Teaching Stoichiometry

Many chemistry teachers have strong views on teaching stoichiometry, and I must admit that I'm one of them. I believe a solid emphasis on stoichiometry belongs in all beginning chemistry courses, including non-science major general chemistry. Stoichiometry is not only an important chemistry tool, it's also a major foundation of chemical atomic theory. We cannot see atoms and molecules in the concrete way that we see objects in our daily lives. In this sense, there is an abstract quality to them. Stoichiometry was our first window for looking into this abstract world. It is with stoichiometry that human minds saw atoms and molecules for the first time. And wonder of wonders, we did this using mathematics that most adult humans understand intuitively - simple direct proportion.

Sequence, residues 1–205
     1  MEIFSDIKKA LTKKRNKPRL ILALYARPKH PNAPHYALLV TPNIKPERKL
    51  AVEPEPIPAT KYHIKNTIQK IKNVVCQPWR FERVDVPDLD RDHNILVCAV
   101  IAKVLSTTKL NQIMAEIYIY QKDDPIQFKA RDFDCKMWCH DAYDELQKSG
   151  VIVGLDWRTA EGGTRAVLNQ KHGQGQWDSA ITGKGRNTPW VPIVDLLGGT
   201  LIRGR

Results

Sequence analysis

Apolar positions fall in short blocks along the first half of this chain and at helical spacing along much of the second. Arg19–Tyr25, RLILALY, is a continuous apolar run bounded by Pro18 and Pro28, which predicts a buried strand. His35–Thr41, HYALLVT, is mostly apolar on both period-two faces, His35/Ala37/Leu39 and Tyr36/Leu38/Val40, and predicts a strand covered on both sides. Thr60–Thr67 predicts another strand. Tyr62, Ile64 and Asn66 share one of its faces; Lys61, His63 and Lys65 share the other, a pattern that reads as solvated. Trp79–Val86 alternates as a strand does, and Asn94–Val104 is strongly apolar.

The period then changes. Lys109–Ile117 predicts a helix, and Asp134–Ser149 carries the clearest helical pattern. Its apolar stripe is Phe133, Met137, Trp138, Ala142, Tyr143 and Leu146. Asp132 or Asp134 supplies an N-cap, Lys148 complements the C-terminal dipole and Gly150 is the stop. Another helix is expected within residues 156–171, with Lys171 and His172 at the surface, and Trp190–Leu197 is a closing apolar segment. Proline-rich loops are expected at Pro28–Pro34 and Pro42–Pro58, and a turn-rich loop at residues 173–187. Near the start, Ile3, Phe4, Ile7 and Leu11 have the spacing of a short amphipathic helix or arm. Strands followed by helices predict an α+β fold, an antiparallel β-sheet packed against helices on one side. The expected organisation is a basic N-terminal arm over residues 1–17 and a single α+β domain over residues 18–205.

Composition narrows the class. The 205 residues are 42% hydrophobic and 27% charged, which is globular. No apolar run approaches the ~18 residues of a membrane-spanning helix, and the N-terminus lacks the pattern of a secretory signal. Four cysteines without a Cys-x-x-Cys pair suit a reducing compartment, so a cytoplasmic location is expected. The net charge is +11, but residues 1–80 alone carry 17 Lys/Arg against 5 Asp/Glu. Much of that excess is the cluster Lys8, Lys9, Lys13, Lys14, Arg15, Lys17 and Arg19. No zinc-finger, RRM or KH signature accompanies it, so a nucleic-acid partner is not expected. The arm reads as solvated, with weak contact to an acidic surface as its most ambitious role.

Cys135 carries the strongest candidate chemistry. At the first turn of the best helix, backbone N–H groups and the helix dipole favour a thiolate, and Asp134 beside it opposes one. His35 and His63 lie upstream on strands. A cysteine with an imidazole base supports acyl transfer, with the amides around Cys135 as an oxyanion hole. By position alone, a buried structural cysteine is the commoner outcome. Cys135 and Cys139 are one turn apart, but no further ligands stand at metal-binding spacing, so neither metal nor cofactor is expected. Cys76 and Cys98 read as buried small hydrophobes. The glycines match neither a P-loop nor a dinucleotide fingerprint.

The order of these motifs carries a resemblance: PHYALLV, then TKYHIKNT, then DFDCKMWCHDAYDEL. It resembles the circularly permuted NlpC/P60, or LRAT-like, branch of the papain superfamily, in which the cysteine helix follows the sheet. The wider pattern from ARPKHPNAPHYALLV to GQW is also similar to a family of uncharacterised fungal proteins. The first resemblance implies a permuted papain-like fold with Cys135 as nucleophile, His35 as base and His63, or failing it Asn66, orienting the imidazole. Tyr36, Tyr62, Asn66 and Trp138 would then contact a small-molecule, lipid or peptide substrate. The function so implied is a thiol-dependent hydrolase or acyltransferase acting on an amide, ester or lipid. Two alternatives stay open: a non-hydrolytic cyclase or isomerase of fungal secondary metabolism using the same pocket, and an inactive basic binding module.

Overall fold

This brings me to the subject of pedagogic approaches for teaching stoichiometry. My view here is pretty simple. We make way too much of a big deal out of pedagogic approaches to the mathematics of direct proportion. How about starting with a simple question: If a coin has a mass of 5 grams, what will be the approximate mass of 4 of these coins? For adults who can answer this question, we are ready to move to the essence of the chemistry of stoichiometry.

And that's why I wrote the stoichiometric calculator. Consider what a rare gift we were given back in 1803. Al2(SO4)3 is a self labeling number and Al2/Al2(SO4)3*100 is a self labeled direct proportion chemical calculation as simple as the above coin question. It's the percentage of Al in Al2(SO4)3. The real pedagogy of teaching stoichiometry involves helping students understand that Al2/Al2(SO4)3*100 translates to (Al*2)/(Al*2+(S+O*4)*3)*(100). The pedagogic challenge is chemical not mathematical.